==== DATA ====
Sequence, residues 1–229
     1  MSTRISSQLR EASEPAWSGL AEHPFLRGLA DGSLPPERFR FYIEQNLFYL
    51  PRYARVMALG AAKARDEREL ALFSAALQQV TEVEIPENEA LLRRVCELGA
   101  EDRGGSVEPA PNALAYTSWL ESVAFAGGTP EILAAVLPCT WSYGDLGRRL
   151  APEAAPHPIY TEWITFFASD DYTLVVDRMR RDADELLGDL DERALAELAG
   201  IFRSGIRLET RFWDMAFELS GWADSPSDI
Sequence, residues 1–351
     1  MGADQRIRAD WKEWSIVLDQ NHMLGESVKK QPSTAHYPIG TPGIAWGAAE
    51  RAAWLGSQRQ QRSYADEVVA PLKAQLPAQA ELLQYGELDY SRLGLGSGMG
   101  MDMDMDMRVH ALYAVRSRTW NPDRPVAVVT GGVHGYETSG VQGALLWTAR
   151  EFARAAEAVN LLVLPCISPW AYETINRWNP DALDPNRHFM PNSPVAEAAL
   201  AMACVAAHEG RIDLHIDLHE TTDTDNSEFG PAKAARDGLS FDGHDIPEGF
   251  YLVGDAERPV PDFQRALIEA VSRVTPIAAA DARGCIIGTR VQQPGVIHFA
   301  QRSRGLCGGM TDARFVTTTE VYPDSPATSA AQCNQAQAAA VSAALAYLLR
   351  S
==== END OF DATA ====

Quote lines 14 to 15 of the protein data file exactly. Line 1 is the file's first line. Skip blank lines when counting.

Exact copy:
   301  QRSRGLCGGM TDARFVTTTE VYPDSPATSA AQCNQAQAAA VSAALAYLLR
   351  S